South Africa’s Champions Season in KwaZulu-Natal will kick off in fine style at Greyville on Sunday, May 7, when some of the top horses in the country meet in the R500 000, Grade 2 Independent On Saturday Drill Hall Stakes over 1 400m.
The final field for the race and those for the R600 000, Grade 2 Daisy Guineas and the R500 000, Grade 2 Daisy Fillies Guineas have been announced and all three events include exciting runners from around the country.
The super stars Marinaresco, Captain America and Sail South, head the 14-horse field under weight-for-age conditions in the Independent On Saturday Drill Hall Stakes that traditionally opens the season and while they could well need the outing, they have the class to play major roles in the outcome.
The three followed the champion Legal Eagle home in the Grade 1 L’Ormarins Queen’s Plate at the beginning of the year and being from the top Cape stables, they are sure to be in very competitive form for this race.
Among the opposition are the likes of Champagne Haze, New Predator and Bulleting Home from Gauteng and the Cape four-year-old Black Arthur that was one of the country’s leading three-year-olds last season.
The Gauteng Guineas winner Janoobi heads the 12-horse field in the Daisy Guineas and meets the Investec Cape Derby runner-up Zodiac Ruler for the first time along with the exciting East Cape Guineas winner Gimme The Stars and the first two past the post in the Byerley Turk, Africa Rising and Copper Force.
Gimme Six, Final Judgement, Sail and Dawn Calling filled the first four places in the Umzimkhulu over 1 400m at Greyville a month ago and will renew their battle in the Daisy Fillies Guineas with the extra 200m adding a new dimension to their clash.
The three races promise very competitive and exciting battles to set the standard for a thrilling winter season.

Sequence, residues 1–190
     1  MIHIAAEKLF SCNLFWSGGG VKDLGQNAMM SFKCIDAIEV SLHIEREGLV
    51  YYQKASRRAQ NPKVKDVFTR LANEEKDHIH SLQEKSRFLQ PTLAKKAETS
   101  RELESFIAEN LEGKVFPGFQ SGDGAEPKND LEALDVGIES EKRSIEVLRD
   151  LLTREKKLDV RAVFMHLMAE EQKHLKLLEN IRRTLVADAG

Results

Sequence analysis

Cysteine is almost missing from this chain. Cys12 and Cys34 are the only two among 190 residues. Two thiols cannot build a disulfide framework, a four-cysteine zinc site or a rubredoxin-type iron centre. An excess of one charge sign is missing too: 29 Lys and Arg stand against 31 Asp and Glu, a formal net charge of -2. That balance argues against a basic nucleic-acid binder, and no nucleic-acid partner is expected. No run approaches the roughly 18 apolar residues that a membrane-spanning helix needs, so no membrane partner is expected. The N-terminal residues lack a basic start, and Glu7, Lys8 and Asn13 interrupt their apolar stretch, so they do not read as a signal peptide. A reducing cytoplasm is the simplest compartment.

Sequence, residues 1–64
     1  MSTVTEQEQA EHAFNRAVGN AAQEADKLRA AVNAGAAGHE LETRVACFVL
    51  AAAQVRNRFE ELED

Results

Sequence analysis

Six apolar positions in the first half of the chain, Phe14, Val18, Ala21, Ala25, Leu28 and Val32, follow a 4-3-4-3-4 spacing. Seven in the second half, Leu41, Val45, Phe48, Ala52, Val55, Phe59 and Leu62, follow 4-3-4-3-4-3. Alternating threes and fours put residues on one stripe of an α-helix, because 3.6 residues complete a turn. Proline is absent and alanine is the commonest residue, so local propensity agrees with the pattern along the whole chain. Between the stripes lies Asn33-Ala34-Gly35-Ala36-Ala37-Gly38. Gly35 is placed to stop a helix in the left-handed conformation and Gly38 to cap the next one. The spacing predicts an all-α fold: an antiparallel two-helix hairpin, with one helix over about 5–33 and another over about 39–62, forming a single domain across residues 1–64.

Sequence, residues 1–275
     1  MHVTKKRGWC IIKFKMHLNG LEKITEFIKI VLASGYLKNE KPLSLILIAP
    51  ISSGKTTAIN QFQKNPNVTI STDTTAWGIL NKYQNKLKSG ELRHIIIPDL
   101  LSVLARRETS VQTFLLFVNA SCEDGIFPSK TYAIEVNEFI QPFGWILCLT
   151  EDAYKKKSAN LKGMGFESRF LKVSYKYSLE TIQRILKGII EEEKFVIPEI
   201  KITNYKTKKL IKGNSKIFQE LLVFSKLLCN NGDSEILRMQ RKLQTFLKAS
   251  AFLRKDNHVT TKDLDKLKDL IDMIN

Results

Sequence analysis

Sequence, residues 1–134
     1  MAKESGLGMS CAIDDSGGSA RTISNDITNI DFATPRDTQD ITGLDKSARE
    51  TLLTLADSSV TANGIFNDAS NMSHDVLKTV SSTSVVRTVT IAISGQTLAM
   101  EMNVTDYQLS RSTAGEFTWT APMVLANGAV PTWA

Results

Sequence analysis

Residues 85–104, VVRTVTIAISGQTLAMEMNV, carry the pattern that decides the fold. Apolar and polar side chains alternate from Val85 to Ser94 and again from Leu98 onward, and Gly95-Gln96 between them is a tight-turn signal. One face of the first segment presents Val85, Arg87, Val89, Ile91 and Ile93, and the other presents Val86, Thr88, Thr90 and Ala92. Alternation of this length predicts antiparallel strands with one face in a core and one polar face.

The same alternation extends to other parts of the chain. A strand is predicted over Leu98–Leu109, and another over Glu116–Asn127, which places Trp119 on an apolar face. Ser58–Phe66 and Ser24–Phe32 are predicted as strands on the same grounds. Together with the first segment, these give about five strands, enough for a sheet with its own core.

The announcement of the first 58 entries for Africa’s Greatest Horseracing Event, the R4.25-million Vodacom Durban July, heralds the start of South Africa’s Champion Season, one of the most comprehensive thoroughbred racing festivals in the world.
The action-packed three-month feast of top-class racing at Greyville and Scottsville will officially get underway with the Independent On Saturday Raceday at the Theatre Of Champions on Sunday, May 7, and carry through to the end of July with about R30-million in feature race stakes on offer for the 54 races that include 31 graded events including 13 at the highest internationally compliant Grade 1 level.
The announcement of the first big-race entries has also triggered the early outbreak of the annual phenomenon known as a July Fever, the affliction that quickly spreads around the country as enthusiasts begin searching for the potential winner and the fashion-minded seek out their designers to create their eye-catching outfits for the day.
The pundits will be hoping for early signs of potential among the three-year-olds that compete in the Daisy Guineas and Daisy Fillies Guineas, the Grade 2 events that kick off the season on May 7, and will follow their progress with others of their age that take to the stage in the Grade 1 Daily News 2000 and Grade 1 Woolavington 2000.
Emerging from these races could be the stars of the future that, together with top performers from the Grade 1 Rising Sun Gold Challenge and Cup Trial, could take on the best in the country in the blue ribbon event on the first Saturday in July.
In between, at the end of May, the thunder of hooves will be heard at Scottsville in Pietermaritzburg when the sprinters go to battle in the four Grade 1 races over 1 200m headed by the R1-million Tsogo Sun Sprint.
Then it is the big one and some 50 000 people will flood the Greyville Racecourse for another “July Day extravaganza” and the country’s totes will be in perpetual motion as the bets on the 12-race meeting rocket up to massive levels in the region of R125-million. This will be a day of anticipation, excitement, entertainment and fashion unmatched in South Africa.